The Back Story

If you don’t like gory pictures, you probably shouldn’t look through the album above, since it includes a close up of the disc material removed from my back.

So, as I previously wrote, I had a lower back event on New Year’s Eve. That appears to have been my L4-L5 disc exploding, squishing like a tube of toothpaste, excess material constricting my spinal canal where the spinal cord splits into the nerve roots that feed the butt, hips, legs, and feet.

MRI on January 16th pretty clearly shows this (you can see the black/gray blob blocking off most of the spinal canal between the last two full-sized vertebrae). By stupid measurements, compared to MRI of the same area three years ago, I may have lost 1/4″ of height by squashing that disc.

I saw a neurosurgeon about whether I should have surgery; his opinion was basically “No-brainer, yes.” He said with or without the surgery, I’ll be in basically the same state after about a year, with basically the same risk levels for re-injury, and the same after 5 years. I asked him about risk of repeat rupture, with versus without surgery. He laughed and said, “Basically the same — but either way, there’s so little disc left that it probably can’t do much.” Way to look on the bright side, doctor! The main differentiator between yes and no seems to be faster relief with the surgery.

Before going through with the surgery, I went back to talk to my regular back doctor to make sure he didn’t think it was a mistake. He thought it was a reasonable decision to make, although he said something like, “If I was a surgeon, I’d want to operate on you, too — you’re young and you’re going to heal well and quickly, versus performing a ‘salvage’ surgery on a 75 year old.”

The surgery is a microdiscectomy, which apparently has some other names. Small incision, grind some vertebra bone out of the way, reach into the spinal column with cutting and grabbing tools (guided by some kind of camera/microscope) to remove the extrusion and any other bulge that the surgeon deems beneficial. Animated explanation behind this link.

The surgery was last Thursday, January 31st, 9:20 AM. Shouldn’t be any real surprises — no drinking alcohol for days beforehand, no eating or drinking anything starting at midnight before the surgery; IV, brief conversation with the surgeon who said it should take about 90 minutes and that he’d give us a picture of the removed material (and that it would look like crab meat). I remember hugs and kisses and see you laters with KrisDi, then waking up in the recovery room with a nurse who started feeding me crackers and soda — feeling groggy, confused, and sore.

Apparently, during this time, KrisDi talked to the surgeon, and he showed her this picture of Krang after removal from my back.

After a while, they moved me back to the same room I was in pre-op, where KrisDi was. Getting from the gurney into the chair was very unpleasant, with a giant shot of pain down the back of my right leg while trying to turn and get up. Continued getting snacks, various blood pressure or other minor medical tests, then they decided it was OK for me to go, around 12:30. KrisDi went to pick up prescriptions and get the truck, a volunteer (who arrived like 15 minutes late) took me in a wheelchair down to the truck.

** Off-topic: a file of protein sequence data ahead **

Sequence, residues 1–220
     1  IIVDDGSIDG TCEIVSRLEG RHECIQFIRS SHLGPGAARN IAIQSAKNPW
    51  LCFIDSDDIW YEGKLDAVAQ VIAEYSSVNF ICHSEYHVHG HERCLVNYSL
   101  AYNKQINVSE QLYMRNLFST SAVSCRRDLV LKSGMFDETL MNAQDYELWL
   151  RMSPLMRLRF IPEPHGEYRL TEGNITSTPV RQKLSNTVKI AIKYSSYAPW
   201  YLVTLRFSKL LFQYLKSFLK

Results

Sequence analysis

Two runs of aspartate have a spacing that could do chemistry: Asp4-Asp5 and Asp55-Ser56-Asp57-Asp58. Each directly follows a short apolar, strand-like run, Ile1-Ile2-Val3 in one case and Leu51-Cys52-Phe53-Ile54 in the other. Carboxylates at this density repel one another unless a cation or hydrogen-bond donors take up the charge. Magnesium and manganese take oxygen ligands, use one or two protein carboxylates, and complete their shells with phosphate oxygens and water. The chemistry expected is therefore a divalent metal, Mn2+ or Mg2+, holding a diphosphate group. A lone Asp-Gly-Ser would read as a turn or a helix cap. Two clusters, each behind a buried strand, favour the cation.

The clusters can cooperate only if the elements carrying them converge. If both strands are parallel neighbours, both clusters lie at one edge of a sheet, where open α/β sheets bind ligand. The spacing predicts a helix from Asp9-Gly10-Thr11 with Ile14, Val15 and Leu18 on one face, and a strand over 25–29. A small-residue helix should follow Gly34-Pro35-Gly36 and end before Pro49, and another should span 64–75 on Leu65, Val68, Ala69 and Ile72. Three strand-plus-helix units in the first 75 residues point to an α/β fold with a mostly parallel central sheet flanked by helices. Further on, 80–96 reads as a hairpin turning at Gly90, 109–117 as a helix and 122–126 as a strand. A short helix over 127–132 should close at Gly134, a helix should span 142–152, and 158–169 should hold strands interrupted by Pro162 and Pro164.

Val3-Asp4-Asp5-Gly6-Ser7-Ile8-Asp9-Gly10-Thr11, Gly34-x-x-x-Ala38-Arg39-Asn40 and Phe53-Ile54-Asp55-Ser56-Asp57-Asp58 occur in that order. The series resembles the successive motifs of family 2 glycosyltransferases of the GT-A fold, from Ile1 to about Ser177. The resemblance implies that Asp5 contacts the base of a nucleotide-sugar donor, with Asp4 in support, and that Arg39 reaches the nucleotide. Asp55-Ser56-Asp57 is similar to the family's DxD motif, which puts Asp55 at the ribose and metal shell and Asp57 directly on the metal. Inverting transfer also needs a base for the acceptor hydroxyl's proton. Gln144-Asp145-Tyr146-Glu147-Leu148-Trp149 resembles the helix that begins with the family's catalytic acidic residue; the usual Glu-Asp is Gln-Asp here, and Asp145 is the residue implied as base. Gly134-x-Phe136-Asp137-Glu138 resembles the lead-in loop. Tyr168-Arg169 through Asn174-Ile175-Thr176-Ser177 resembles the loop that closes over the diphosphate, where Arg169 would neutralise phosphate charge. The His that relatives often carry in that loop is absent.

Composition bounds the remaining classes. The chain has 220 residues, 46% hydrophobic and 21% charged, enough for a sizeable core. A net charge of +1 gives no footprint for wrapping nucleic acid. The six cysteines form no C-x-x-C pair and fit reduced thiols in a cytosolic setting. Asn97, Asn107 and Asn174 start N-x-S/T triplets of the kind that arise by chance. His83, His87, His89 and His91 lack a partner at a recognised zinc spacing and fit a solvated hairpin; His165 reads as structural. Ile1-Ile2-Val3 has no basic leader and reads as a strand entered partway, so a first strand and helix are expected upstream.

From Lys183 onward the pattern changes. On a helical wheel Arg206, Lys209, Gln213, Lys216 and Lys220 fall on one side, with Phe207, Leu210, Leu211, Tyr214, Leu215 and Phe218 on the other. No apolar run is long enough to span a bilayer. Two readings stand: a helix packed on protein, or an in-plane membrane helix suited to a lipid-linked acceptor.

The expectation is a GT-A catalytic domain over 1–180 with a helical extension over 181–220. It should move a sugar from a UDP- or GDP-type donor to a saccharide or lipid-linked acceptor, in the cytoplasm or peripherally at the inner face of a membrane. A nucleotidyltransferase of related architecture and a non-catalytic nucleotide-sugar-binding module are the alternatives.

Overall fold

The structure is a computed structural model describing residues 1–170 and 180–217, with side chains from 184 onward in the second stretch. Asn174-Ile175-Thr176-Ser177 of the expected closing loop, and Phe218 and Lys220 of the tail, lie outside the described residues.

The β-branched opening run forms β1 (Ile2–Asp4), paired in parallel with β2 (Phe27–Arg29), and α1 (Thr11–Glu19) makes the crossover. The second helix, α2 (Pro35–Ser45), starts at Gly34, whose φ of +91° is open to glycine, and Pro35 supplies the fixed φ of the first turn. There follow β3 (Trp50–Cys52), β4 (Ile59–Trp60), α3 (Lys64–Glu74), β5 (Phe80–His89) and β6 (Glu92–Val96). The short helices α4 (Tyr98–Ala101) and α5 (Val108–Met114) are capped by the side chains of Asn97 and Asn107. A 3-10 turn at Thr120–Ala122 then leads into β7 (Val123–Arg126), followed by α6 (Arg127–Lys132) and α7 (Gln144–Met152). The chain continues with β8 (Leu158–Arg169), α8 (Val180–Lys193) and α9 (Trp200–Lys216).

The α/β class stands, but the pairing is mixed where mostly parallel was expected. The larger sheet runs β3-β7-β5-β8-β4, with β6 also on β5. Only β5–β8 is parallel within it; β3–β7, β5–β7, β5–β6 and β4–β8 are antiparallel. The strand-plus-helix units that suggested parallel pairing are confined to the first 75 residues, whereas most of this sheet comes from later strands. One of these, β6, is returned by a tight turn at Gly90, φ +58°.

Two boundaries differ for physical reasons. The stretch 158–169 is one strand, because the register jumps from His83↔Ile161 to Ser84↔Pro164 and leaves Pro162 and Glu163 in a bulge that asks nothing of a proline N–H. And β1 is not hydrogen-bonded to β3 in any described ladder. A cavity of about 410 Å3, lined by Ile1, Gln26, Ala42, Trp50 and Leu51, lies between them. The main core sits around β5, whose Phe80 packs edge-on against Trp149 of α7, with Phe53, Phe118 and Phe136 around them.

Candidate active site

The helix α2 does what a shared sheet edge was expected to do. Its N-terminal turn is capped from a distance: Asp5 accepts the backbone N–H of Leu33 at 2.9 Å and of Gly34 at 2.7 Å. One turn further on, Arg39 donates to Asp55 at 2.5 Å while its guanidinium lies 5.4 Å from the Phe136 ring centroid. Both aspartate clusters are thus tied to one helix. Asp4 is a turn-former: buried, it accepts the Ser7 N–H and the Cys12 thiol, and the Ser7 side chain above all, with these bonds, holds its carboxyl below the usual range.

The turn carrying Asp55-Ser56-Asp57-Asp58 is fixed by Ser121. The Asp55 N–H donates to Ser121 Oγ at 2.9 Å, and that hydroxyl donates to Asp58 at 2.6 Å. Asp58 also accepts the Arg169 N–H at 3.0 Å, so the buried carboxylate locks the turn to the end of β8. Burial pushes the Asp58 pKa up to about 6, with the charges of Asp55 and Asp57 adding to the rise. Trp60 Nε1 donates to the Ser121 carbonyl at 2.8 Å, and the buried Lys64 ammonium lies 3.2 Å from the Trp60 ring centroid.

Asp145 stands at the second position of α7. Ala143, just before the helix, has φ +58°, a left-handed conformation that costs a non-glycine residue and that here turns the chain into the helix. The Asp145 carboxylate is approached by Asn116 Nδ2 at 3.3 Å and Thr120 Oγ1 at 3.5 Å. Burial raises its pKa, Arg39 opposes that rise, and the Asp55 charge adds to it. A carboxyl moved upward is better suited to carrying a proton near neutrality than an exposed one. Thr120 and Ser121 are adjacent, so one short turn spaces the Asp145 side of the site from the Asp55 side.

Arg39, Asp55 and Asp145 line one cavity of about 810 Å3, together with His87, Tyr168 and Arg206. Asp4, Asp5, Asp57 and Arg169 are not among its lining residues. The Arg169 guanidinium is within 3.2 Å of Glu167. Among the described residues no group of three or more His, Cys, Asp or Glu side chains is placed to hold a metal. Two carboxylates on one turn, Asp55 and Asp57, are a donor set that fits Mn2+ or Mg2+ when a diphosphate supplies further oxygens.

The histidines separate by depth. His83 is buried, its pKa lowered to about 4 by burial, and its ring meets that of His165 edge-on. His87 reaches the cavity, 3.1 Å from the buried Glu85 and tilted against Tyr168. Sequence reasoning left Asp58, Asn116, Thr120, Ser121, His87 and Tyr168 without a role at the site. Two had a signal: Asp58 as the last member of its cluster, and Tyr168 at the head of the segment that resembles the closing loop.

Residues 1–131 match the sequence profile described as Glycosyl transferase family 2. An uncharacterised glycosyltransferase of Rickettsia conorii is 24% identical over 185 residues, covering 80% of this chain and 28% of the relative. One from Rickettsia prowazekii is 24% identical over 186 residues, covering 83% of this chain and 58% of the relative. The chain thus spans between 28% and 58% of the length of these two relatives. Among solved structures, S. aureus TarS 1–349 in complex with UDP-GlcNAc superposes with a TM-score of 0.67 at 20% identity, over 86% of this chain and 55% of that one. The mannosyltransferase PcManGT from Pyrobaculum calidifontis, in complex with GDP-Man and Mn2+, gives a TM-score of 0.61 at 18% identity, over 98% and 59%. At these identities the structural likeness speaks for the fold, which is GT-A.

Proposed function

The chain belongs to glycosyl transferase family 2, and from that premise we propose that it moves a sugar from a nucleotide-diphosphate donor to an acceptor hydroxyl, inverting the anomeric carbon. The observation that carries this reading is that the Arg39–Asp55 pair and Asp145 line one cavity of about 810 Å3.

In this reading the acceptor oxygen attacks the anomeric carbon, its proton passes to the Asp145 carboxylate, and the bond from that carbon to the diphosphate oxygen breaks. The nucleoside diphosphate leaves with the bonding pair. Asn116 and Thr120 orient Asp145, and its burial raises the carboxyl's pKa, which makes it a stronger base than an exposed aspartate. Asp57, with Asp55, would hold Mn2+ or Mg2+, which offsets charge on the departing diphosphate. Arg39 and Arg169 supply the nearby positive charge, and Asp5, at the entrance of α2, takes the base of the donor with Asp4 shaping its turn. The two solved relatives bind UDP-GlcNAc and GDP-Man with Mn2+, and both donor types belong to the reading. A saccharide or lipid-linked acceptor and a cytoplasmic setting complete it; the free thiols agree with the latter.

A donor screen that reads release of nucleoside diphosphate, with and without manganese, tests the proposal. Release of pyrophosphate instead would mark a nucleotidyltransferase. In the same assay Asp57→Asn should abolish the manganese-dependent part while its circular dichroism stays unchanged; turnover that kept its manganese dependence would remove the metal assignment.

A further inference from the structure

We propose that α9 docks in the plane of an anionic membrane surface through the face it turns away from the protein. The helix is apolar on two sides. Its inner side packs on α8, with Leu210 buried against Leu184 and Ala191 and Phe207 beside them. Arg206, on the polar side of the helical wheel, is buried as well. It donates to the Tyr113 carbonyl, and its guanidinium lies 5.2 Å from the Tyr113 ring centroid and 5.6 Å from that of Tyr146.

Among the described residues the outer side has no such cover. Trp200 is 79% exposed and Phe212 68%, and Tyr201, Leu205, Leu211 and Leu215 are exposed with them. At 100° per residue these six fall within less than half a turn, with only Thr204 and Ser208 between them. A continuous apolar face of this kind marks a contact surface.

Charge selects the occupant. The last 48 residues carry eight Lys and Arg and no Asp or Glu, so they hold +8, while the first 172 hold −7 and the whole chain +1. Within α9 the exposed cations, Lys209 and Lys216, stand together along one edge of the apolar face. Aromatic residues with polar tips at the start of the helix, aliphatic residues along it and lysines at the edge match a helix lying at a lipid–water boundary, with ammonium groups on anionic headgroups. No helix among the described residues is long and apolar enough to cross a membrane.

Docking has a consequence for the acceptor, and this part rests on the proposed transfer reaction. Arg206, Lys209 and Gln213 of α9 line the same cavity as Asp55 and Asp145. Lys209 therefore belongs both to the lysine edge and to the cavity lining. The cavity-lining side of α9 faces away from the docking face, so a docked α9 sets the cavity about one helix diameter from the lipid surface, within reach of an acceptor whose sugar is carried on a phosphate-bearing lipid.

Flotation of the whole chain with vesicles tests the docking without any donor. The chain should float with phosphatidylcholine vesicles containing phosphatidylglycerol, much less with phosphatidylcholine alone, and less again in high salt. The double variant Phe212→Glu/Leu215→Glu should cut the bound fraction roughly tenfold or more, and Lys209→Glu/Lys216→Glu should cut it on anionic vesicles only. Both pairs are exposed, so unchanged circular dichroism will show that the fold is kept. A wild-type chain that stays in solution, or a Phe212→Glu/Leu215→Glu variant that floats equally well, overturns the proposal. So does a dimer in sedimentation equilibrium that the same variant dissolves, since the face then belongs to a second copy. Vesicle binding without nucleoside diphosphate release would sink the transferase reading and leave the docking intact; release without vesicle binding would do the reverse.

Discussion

Then we went out directly to have ramen for lunch. The lack of nerve pinch was already quite noticeable. Soreness and drug affects still had me moving pretty slow.

Before bed, I could already tell standing up straight was better, I could stand up and look up and look around without tweaking in my tailbone, I wasn’t getting shooting pain in my butt or down my legs (I have gotten one or two shooting pains in the process of getting in and out of bed).

Now…entering my fourth 24 hour period following the completion of my surgery. I stopped taking painkillers yesterday. My back gets tired if I sit or stand too long, and I actually feel pretty normal when I stand up after lying down and resting for a while. When I’m not tired, I can go up and down the stairs pretty comfortably.

Bending and twisting is clearly a no-no, aside from the fact that it’s currently forbidden. KrisDi has to do almost everything for me, which is frustrating.

Recovery plan…I’m not sure how long the no bending/twisting stricture lasts; I know I’m not allowed any exercise aside from walking for at least 2-3 weeks. No lifting more than 10 pounds for 3 months (so KrisDi gets to carry all our luggage for a family trip to visit Dad in Florida). In the short term, I’m supposed to limit stints of sitting or standing (which is pretty natural right now). I’ll have a follow up with the surgeon in about two weeks.

On a logistics note…I haven’t driven my car since December, since it’s low (therefore difficult for me to enter/exit) and a clutch. When we bought the truck, one of our lines of reasoning was “Well, snaotheus might get hurt and be unable to drive his clutch; we might have an accident and need a spare vehicle. This way we don’t need to rent a car. It’s unlikely those two things would happen at the same time.” Of course, KrisDi got rear-ended the week of my surgery. I need the truck, her car’s in the shop, and she can’t drive my car. So, Les is borrowing my car, and KrisDi is borrowing his.

Posted by snaotheus

1 comment

SO hugely glad this is over with and you’re doing well; may it never return and may none of the others ever burst their corrals. I hope the car thing gets settled better than it sounded as if it might.

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